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Global forest ecosystems provide multiple merchantable and non-merchantable ecosystem services, and are highly required to be monitored and protected. One major ecosystem service is the minimization and mitigation of the negative effects of climate change. Depending on various spatial scales, different planning actions are required for forest management, which all entail one prerequisite in common: up-to-date quantitative information provided by regular forest monitoring and inventory. Descriptive and spatially explicit statistics on forest inventory variables over tree, sample plot and finally landscape levels are essential requirements for every sound planning and management strategy. With almost no exception, examples of such information can be summarized into three categories of composition (arrangement and presence/absence of species), function (processes and their dynamics) and structure (spatiotemporal distribution and allometric attributes of tree). Whereas the conventional field-based approaches based on permanent sample plots are constrained by their required time, costs and logistics, remote sensing data methods can complement and advance inventories for both science and practice, due to the potentials for accurate, repeatable and objective forest inventory and analysis. The history of remote sensing applications in forest inventories goes even beyond the early days of satellite earth observation and is as old as the era of aerial photogrammetric surveys.
This special issue of PFG presents a number of selected studies on the state-of-the-art research in inventory of forest stands by using multi-source remote sensing data and methods. We incorporated both experimental and practice-oriented research. Whereas studies like Gomroki et al. (2017) and Ghimire et al. (2017) rely on experimental approaches on small-scale test sites, Aryal et al. (2017), Zimmermann and Hoffmann (2017) and Gilani et al. (2017) represent workflows and results that are more related to forest inventory practice. In terms of data sources used, Gomroki et al. (2017), Aryal et al. (2017) and Ghimire et al. (2017) applied light detection and ranging (LiDAR), with the latter study applying very high geometric capabilities of terrestrial LiDAR surveys. In addition, the study by Zimmermann and Hoffmann (2017) represents geometric applications of stereo photogrammetry, which are considered as cost-effective alternatives to derive structural forest information in the absence of LiDAR data. Finally, a pure spectral exploitation of earth observation data has been followed by Gilani et al. (2017) who used very high-resolution GeoEye imagery for forest change and canopy cover assessments.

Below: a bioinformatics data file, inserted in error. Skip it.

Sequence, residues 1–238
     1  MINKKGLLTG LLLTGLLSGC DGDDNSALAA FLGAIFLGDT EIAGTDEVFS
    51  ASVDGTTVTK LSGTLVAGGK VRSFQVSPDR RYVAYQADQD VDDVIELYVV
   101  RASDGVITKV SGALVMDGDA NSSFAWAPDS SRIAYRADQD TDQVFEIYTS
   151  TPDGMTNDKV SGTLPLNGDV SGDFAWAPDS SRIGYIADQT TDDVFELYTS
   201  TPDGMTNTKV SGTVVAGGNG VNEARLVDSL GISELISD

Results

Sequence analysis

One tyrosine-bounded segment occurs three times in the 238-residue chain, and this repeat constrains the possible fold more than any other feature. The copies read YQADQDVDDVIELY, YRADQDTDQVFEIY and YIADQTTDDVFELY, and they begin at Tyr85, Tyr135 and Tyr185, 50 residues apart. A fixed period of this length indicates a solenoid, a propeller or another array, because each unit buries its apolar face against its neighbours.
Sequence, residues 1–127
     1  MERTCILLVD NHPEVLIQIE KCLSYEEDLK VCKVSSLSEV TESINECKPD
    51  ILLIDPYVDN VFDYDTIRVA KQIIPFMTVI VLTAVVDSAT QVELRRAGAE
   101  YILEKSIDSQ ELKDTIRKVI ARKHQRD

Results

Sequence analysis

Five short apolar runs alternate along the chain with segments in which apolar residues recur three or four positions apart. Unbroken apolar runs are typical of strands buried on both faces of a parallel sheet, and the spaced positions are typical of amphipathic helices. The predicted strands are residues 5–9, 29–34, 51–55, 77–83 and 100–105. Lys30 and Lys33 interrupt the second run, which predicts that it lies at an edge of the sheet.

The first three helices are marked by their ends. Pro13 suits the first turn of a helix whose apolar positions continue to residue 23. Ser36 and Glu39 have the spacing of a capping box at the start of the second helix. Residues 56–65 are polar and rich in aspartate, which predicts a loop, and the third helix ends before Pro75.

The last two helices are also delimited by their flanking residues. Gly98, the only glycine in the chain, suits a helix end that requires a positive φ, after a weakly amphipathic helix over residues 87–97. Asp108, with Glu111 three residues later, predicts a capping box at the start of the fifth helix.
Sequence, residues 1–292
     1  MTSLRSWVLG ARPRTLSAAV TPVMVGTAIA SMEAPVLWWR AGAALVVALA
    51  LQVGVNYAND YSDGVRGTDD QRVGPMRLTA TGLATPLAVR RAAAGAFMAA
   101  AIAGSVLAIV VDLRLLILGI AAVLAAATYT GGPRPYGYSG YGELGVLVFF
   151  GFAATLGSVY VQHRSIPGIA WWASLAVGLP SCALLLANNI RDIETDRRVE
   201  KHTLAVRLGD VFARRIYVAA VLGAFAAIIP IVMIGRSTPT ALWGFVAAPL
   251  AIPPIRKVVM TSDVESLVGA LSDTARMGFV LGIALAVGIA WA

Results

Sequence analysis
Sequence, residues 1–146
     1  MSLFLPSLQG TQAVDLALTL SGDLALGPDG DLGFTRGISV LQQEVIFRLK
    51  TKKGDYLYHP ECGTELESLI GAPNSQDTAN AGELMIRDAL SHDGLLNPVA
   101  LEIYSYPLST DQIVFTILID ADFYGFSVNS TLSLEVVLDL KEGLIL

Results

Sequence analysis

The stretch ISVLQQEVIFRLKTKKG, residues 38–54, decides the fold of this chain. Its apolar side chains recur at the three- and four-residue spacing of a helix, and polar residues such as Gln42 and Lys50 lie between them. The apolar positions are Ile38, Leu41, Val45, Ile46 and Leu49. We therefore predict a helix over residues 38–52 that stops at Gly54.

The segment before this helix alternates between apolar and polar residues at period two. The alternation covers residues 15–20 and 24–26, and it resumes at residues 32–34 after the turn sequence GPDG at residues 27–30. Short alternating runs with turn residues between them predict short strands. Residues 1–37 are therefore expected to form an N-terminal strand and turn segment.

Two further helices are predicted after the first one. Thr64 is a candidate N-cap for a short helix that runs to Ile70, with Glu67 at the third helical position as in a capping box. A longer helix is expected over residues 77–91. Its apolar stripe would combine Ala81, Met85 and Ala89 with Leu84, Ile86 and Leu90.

In the studies showcased here, we attempted to cover a broad geographical range across the existing major global biomes. Temperate ecosystems of Germany were present as study sites in works of Aryal et al. (2017) and Zimmermann and Hoffmann (2017). Gomroki et al. (2017) focused on temperate landscapes in the Caspian forest of Iran. The eastern Mediterranean ecosystem located in Greece was showcased by the study of Ghimire et al. (2017), and finally the area exemplified by Gilani et al. (2017) stretches from the sub-tropical to temperate ecosystems in Nepal.
Last but not least, the studies collected within the present special issue of PFG are by no means believed to cover all applications in remote sensing-assisted forest inventory and analysis, but the editors believe that the special issue succeeds in giving a short glimpse into the continuous advancements in forestry applications of remote sensing. The method development, research and practice in this realm continues almost parallel to the advancements in designing and launching modern remote sensing tools, and the way of transfer from experimental and methodical studies into cost-effective, practical surveys are paved day by day.
Dr. Hooman Latifi (Department of Remote Sensing, University of Würzburg)
Prof. Dr. Barbara Koch (Chair of Remote Sensing and Landscape Information Systems, University of Freiburg)